As a result of the close topographic relationship of the anal canal and the vagina, the dorsal as well as the ventral wall of the collapsed vagina are often included in the radiation field, thus receiving high radiation doses. As we know that there is a dose-relationship for the incidence of most toxicities, reducing the dose to at least some parts of the vagina could reduce vaginal fibrosis [28, 29]. A dosimetric analysis could already show an advantage of vaginal dilation regarding radiation dose at the vaginal wall . A further clinical trial with 10 patients was also able to show a reduction of the median total dose on the vaginal wall by using vaginal dilators during radiotherapy . Furthermore, we already know from other hollow organs like the rectum, that sparing of some parts of the circumference results in lower toxicity rates. That’s why some institutions already developed strategies to at least spare some parts of the vaginal wall circumference. For this purpose, vaginal dilation using commercially available tampons is often applied during irradiation. But there are no prospective clinical data showing a positive effect of vaginal dilation on the rate of vaginal fibrosis or giving any details on the extent of vaginal dilation needed to achieve a positive effect.
The aim of this prospective, randomized study is to evaluate the incidence and grade of vaginal fibrosis in female anal cancer patients treated with (chemo) radiotherapy depending on the extent of vaginal dilation. For this purpose, we aim to establish a standardized system for the assessment of vaginal fibrosis, to grant reproducibility and comparability of future data. The greater aim is to optimize radiotherapy of anal cancer patients by reducing dose to the vaginal wall to reduce genital toxicities and improve quality of life.
The study is designed as a prospective, randomized, two-armed, open, single-center phase-II-trial evaluating the incidence and extent of vaginal fibrosis in female anal cancer patients treated with (chemo) radiotherapy. We aim to evaluate if an increased intrafractional vaginal dilation using a special tampon is associated with a lower incidence and/or grade of vaginal fibrosis. After obtaining written informed consent, patients fulfilling the inclusion criteria will be randomized into one of the two arms, which differ only in the kind of tampon used during treatment. All patients will receive standard (chemo) radiotherapy to the pelvic and inguinal (if required) nodes with a total dose of 45–50.4 Gy (single dose 1.8–2 Gy) and a sequential or integrated boost to the anal canal up to 54–60 Gy. All patients will be advised to use a vaginal dilator regularly starting 6–8 weeks after finishing radiotherapy to prevent from vaginal stenosis.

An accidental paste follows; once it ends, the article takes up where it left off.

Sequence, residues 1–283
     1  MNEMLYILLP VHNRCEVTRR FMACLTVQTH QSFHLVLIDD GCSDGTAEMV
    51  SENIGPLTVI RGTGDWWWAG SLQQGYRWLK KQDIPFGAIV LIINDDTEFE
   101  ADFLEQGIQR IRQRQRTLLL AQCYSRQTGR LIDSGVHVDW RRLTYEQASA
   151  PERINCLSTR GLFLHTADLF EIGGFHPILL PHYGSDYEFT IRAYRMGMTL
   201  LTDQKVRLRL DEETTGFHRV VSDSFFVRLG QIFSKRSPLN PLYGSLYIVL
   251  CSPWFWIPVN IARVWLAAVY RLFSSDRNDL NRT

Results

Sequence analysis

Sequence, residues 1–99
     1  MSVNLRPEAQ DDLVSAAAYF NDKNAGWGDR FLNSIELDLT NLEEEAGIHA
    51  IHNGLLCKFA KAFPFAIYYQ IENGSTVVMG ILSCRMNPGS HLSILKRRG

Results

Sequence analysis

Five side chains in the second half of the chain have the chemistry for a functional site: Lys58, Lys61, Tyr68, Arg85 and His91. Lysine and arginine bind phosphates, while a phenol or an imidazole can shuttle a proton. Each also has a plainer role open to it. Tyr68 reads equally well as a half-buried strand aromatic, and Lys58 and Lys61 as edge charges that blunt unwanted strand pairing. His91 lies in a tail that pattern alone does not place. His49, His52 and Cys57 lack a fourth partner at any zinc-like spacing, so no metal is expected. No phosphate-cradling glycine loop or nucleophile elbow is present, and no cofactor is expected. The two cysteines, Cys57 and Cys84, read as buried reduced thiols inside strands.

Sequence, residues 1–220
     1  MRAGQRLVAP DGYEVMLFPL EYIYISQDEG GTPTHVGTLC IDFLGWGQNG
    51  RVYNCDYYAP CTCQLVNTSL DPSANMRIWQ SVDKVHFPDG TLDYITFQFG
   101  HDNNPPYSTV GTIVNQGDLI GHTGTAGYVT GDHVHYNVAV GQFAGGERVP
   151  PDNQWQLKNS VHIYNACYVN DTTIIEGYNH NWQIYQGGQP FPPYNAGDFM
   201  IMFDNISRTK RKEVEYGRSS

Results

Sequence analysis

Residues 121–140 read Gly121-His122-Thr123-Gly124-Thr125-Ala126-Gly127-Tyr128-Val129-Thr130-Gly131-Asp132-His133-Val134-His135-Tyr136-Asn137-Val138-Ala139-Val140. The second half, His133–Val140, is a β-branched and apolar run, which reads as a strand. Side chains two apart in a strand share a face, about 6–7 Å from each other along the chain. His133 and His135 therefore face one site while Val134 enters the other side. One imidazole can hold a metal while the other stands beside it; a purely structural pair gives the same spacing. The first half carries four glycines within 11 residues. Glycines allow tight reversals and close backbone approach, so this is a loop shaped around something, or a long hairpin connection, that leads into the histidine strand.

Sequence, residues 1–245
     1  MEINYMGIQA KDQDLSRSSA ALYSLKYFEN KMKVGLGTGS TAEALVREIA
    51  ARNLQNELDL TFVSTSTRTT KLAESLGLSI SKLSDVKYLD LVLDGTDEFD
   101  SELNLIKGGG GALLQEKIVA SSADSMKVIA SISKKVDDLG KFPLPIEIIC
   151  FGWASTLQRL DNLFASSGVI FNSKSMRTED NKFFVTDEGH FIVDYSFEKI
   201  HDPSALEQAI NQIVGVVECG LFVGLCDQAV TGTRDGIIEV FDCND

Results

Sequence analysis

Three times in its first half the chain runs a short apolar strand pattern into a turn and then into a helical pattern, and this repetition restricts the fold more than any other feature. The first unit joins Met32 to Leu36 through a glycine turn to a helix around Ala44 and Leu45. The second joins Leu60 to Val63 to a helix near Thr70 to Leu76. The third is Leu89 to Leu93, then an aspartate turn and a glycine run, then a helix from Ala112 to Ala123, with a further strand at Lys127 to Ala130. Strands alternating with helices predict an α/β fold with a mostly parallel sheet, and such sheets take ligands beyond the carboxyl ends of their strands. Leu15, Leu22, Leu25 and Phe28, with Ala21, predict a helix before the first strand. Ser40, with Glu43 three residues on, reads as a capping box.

Primary endpoint is the incidence of vaginal fibroses >/= Grade 1 depending on the extent of vaginal dilation measured 12 months after radiotherapy. A commercially available vaginal dilator set will be used as measuring device. The grading of vaginal stenosis will be determined as difference of the diameter of vaginal dilator to the baseline. A reduction of the diameter of < 20% is defined as vaginal stenosis Grade 1, a reduction of 20–35% as Grade 2, a reduction of > 35–49% as Grade 3 and a reduction >/=50% as Grade 4 (Table 1).
Secondary endpoints are clinical symptoms and acute and chronic toxicities according to the CTC AE version 5.0 criteria, assessment of clinical feasibility of daily use of a tampon for vaginal dilation, assessment of the compliance for the use of a vaginal dilator and quality of life assessed with the EORTC-QLQ30/−ANL27 questionnaires.
Sample size calculation